On the Zabbix Server, we both assign the “Zabbix Server” template and the template “Linux by Zabbix agent active” to the host.

But what if we have Macros?

zabbix_macros

As part of some extra tasks in this playbook execution, we also need to provide a macro for some hosts. This macro is needed to make the Zabbix Template we assign to the hosts work. For the hosts running a MySQL database, we need to add a macro, which can be found with the property zabbix_macros_append in the file “/ansible/group_vars/database/generic”.

zabbix_macros_append:
  - macro_key: "MYSQL.HOST"
    macro_value: "{{ ansible_host }}"

We will create 1 macro with the key name “MYSQL.HOST” and assign a value that will be equal to the contents of the property ansible_host (For the “node-2” host, the host running the database for the Zabbix Server), which is “10.10.1.12”.

User parameters

The “problem” with assigning the MySQL template is that it also requires some UserParameter entries set. The Zabbix Agent role can deploy files containing UserParameters to the given hosts. In “/ansible/group_vars/database/generic” we can find the following properties:

zabbix_agent_userparameters_templates_src: "{{ inventory_dir }}/files/zabbix/mysql"
zabbix_agent_userparameters:
  - name: template_db_mysql.conf

The first property “zabbix_agent_userparameters_templates_src” will let Ansible know where to find the files. The “{{ inventory_dir }}” will be translated to “/ansible” and here you will find a directory named “files” (and you will find the group_vars directory as well) and further drilling down the directories, you will find the file “template_db_mysql.conf”.

With the second property “zabbix_agent_userparameters” we let Ansible know which file we want to deploy to the host. In this case, the only file found in the directory named “template_db_mysql.conf”.

When the Zabbix agent role is fully executed, we have everything set to monitor all the hosts automatically. Open the dashboard, and you will see something like the following:

It provides an overview, and on the right side, you will notice we have a total of 3 nodes of which 3 are available. Maybe you will see a “Problem” like in the screenshot above, but it will go away.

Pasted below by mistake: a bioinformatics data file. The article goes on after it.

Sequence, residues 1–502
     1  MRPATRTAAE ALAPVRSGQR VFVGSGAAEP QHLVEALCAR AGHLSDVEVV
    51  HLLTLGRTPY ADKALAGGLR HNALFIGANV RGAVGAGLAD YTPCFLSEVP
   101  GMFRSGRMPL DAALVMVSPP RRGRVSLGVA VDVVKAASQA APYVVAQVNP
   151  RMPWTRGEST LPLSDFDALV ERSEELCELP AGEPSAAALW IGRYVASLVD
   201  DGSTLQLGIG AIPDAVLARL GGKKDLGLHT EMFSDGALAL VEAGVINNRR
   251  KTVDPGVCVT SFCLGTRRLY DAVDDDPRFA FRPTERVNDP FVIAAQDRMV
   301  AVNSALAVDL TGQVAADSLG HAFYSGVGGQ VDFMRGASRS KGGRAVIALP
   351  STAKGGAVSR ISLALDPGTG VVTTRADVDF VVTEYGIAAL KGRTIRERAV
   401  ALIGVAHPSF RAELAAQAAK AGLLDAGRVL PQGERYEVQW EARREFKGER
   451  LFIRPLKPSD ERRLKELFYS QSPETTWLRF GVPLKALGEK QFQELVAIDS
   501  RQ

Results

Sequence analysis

If we go to “Configuration” and “Hosts,” we will see that we have the 3 nodes, and they have the status “Enabled” and the “ZBX” icon is green, so we have a proper connection.

We should verify that we have some data, so go to “Monitoring” and click on “Latest data.” We select in the Host form field the “Zabbix database,” and we select “MySQL” as Application and click on “Apply.” If everything is right, it should provide us with some information and values, just like the following screenshot. If not, please wait a few minutes and try again.

Summary

This is the end of a 3 part blog post in creating a fully working Zabbix environment with a Zabbix Server, Proxy, and Agent. With these 3 blogposts you were able to see how you can install and configure a complete Zabbix environment with Ansible. Keep in mind that the code shown was for demo purposes and it is not something you can immediately use for the Production environment. We also used some of the available functionality of the Ansible collection for Zabbix, there are many more possibilities like creating a maintenance period or a discovery rule. Not everything is possible, if you do miss a task or functionality of a role that Ansible should do or configure, please create an issue on Github so we can make it happen.

Don’t forget to execute the following command:

$ vagrant destroy -f

With this, we clean up our environment and delete our 4 nodes, thus finishing with the task at hand!

Leave a Reply

Fill in your details below or click an icon to log in:

WordPress.com Logo

You are commenting using your WordPress.com account. Log Out /  Change )

Google photo

You are commenting using your Google account. Log Out /  Change )

Twitter picture

You are commenting using your Twitter account. Log Out /  Change )

Facebook photo

You are commenting using your Facebook account. Log Out /  Change )

Connecting to %s